Diabetic Eye Care Screening

What Is Teleophthalmology?
Teleophthalmology allows patients with diabetes to receive screening for Diabetic Retinopathy by an Ophthamologist who may be miles away. The Round Valley Indian Health Center (Health Center) has been providing Teleophthalmology screening services for patients with diabetes since October of 2001. We acquired a camera with the capability to capture a high-resolution image of the eye's retina. Images are stored on a computer and then sent via email to Dr. Mason who is 60 miles away. This process is known as "store and forward". Dr. Mason has a similar computer and is able view these images and he screens them for pathology. If something abnormal is noted, patients are referred for an in-person visit with an ophthalmologist. Because these images are stored, the ophthalmologist will always have a baseline picture to compare with future images. This can help to track progression or stop the disease process.

What is Diabetic Retinopathy?
It is well documented that people with diabetes are at a higher risk for acquiring Retinopathy. Retinopathy means disease of the retina of the eye. The retina is the membrane that lines the inside of the eye it has blood vessels feeding it nutrients and oxygen. The optic nerve also resides in the membrane; it is able to gather light and send images to your brain. Diabetes affects all blood vessels in your body including those feeding you retina. Over time high blood sugars can damage your blood vessels by creating plaques that can encourage clots or cause your vessels to become brittle and break. If vessels break in the retina, bleeding can occur. Bleeding in the area of the macula can lead to blindness. Clots can lead to decreased blood flow which then causes more blood vessels to grow in the area of the macula and this can also lead to blindness.

Can Diabetic Retinopathy be prevented in people with diabetes?
The most effective way to prevent the occurrence or reduce the severity of diabetic retinopathy is for people with diabetes to maintain glycemic (blood sugar) control. Hemoglobin A1c (A1C) is the "gold standard" for assessing glucose control. This test should be conducted at three to four month intervals. Lowering A1C has been associated with a reduction in micro-vascular and neuropathic complications of diabetes like Diabetic Retinopathy. A1C estimates the average degree of glycemic control over the preceding three months. A1C is the standard way to measure glycemic control. Controlling blood pressure can also be effective. Visiting your doctor every three months is highly recommended until you get your diabetes under control.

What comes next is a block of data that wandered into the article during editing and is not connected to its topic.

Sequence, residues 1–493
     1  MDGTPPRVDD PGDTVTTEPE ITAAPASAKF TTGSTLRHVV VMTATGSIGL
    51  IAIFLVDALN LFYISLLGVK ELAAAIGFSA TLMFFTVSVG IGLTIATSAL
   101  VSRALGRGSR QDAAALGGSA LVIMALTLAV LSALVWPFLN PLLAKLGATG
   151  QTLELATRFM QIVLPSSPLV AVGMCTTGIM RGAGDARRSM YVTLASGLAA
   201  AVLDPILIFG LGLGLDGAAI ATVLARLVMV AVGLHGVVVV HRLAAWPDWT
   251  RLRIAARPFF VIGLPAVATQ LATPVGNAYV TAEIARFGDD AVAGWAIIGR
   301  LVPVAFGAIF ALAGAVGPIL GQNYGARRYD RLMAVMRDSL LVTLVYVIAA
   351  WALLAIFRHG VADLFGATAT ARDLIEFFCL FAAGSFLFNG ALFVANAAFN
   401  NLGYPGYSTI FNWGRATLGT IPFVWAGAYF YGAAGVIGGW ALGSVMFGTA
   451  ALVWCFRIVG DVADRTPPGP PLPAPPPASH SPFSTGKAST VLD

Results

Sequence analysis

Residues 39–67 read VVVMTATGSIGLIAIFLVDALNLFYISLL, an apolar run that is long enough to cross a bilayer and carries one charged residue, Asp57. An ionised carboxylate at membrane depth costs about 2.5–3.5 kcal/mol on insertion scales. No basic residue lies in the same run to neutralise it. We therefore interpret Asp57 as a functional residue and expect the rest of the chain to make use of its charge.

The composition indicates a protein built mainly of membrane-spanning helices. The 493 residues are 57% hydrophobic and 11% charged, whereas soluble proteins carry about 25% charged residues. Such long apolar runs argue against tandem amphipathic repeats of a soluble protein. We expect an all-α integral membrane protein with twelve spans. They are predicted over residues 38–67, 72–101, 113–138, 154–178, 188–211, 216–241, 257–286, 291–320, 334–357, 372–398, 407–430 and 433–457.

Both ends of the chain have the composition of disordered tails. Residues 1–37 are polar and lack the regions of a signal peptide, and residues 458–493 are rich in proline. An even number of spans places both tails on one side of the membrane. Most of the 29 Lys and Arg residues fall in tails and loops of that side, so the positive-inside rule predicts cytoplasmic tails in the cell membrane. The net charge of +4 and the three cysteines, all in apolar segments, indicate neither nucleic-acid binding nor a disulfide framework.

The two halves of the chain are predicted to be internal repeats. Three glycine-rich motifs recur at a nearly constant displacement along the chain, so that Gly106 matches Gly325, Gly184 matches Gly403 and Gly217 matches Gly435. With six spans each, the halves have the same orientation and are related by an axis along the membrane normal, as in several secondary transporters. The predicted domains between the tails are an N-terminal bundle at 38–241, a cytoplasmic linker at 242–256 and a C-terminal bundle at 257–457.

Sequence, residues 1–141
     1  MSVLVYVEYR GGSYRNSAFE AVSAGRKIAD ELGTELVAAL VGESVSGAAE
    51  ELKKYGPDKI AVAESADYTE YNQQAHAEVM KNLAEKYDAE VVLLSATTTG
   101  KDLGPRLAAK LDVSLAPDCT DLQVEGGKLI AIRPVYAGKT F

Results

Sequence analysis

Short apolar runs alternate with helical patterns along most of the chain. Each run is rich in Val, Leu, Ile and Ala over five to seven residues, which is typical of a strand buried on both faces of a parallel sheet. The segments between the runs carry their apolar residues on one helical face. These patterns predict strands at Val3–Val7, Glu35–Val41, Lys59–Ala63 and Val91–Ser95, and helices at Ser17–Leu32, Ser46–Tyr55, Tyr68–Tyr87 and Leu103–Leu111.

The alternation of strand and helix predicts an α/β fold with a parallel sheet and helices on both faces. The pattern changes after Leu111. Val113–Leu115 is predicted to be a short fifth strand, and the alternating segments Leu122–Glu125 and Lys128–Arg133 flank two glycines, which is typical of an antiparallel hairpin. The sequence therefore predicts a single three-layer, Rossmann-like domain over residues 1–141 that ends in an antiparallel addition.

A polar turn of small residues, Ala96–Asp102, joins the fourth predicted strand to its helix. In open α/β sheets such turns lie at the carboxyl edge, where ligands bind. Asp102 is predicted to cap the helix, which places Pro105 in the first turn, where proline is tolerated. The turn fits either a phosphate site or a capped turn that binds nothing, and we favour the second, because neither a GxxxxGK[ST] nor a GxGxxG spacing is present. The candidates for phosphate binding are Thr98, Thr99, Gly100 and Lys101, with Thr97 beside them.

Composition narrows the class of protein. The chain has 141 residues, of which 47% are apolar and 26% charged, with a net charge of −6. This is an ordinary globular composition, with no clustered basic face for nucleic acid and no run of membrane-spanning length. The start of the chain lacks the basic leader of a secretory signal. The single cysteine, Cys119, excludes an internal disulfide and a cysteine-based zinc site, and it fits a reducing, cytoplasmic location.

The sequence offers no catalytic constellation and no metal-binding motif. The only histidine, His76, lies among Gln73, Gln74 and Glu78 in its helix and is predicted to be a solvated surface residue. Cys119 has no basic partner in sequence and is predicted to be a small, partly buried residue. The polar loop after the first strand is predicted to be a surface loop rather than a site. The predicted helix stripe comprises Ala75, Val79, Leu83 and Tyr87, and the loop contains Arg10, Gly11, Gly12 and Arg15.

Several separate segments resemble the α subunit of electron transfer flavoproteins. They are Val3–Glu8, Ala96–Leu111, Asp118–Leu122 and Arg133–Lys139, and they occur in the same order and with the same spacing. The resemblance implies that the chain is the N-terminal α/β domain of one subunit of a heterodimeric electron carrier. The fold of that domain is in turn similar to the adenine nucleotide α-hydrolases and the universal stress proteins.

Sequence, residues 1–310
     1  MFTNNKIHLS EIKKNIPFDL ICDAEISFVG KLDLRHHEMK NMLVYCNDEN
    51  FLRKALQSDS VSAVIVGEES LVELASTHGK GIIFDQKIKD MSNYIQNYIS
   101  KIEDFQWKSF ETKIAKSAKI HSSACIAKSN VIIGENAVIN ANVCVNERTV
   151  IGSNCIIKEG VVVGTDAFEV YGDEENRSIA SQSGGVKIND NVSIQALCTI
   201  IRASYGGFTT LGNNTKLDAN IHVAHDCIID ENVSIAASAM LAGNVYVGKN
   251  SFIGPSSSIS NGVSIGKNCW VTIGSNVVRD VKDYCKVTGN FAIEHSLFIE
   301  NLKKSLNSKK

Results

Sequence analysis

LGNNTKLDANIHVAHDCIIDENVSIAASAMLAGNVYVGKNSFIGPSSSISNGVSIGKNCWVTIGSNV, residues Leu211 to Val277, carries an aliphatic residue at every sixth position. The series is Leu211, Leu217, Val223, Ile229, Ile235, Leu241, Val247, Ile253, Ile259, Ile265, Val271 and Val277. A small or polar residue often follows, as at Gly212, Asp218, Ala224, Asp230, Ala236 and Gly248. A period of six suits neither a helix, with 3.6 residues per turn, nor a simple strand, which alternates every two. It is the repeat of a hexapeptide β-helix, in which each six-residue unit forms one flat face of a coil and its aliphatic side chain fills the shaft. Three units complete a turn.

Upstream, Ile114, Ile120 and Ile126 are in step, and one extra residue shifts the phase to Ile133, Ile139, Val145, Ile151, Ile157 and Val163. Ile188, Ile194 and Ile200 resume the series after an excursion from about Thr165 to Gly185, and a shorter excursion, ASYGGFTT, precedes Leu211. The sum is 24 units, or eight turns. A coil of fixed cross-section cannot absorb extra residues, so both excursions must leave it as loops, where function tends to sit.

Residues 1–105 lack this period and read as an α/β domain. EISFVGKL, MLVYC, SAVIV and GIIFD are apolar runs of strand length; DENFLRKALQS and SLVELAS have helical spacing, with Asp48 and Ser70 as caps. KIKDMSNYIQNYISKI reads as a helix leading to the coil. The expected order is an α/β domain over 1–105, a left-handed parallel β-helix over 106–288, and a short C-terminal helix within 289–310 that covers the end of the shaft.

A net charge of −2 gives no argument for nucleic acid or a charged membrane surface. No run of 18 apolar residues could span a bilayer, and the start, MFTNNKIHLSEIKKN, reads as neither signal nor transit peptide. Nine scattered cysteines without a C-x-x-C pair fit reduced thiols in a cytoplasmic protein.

What if I already have Diabetic Retinopathy, is it too late?
If you already have been diagnosed with Diabetic Retinopathy, it is not too late! There things you can do to prevent or slow further damage. Diet, exercise and appropriate medication management is your best defense against any further damage to your eyes. Quarterly visits to your doctor will be necessary until you get your diabetes under control. If your eye sight is being affected, it is still not too late! Laser surgery can save vision and prevent further damage.

For an eye care screening you will first need to see your Health Center physician.

Call for Appointments: (707) 983-6181
Contact Person: Steve Viramontes, PHN
Office Hours: Monday-Friday: 8:00 a.m. to 5:00 p.m.